Moray Council planning officials are set to recommend that a controversial housing development should not go ahead because of coastal flooding risks.
Opinion in Portgordon has been split with one local group formed to protest against development along the shorefront – and another formed to back it.
The row started in July last year when local landowner Gemma Campbell submitted plans for a two-stage development that would create a new cafe, renovations to the historical ice house, a boatyard and nine new homes.
A group of residents formed the ‘Save our Portgordon Beach’ group and lodged objections to all aspects of the plans, meeting with local MSP Richard Lochhead. Following a meeting with Mr Lochhead, Ms Campbell withdrew her applications pending further consultation.
Meanwhile a second group was formed backing the proposals, insisting that Save our Portgordon Beach did not speak for everyone in the community.
A new application was made that dropped the housing development aspect – and following a public hearing and changes to the proposal they were passed by Councillors.
Earlier this year a renewed application for housing on the shore front was lodged by Ms Campbell that again split opinion in the community in two. Now the Council Planning Committee will consider that application this week – and a recommendation by officials that it be rejected.
In a report before the committee on Tuesday councillors are told: “The applicant has failed to demonstrate that the development will not be at risk from coastal flooding.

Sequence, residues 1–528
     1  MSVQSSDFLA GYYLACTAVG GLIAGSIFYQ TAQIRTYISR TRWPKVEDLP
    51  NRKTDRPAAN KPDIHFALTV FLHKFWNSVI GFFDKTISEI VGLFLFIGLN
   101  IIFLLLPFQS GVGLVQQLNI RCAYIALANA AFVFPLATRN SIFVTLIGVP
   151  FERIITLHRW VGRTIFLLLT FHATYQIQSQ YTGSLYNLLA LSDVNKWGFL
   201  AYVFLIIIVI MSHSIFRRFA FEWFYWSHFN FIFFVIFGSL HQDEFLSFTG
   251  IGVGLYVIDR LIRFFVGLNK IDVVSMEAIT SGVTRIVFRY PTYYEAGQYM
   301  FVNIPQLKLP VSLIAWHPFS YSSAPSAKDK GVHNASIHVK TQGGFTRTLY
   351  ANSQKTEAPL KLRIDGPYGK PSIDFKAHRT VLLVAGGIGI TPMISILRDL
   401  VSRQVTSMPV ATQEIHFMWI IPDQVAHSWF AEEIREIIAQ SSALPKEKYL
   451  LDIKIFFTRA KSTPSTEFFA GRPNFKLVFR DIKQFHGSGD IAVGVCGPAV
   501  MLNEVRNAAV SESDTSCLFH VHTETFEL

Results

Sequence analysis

“The proposed houses would result in an overdeveloped, cramped appearance – to the detriment of existing historic green open space.”
Earlier this month Maureen Burrows from the Portgordon Development Facebook group, formed by local residents backing the proposals, commented: “I’m beginning to think some of the save our beach people need to get back in touch with the estate agents who sold them their houses.
“They obviously did not know when they bought them that they did not have gardens and would have to find somewhere to dry their clothes.”
Referring to comments for and against the scheme as it passed through the planning stages, Ms Burrows added: “I’m not looking at the ‘for’ and ‘against’ for a balanced view, half of them were written by folk who don’t even live in the village.”
However, Pringle George, one of the leaders of the Save our Portgordon Beach group, had previously insisted that objections to the housing had nothing to do with the land being used as a drying green.
On the decision by planning officials to recommend rejection of the homes plan she said: “The council officers are the experts and they have looked into this matter very thoroughly.
“We can only hope that the councillors are sensible and listen to the advice they have been given.”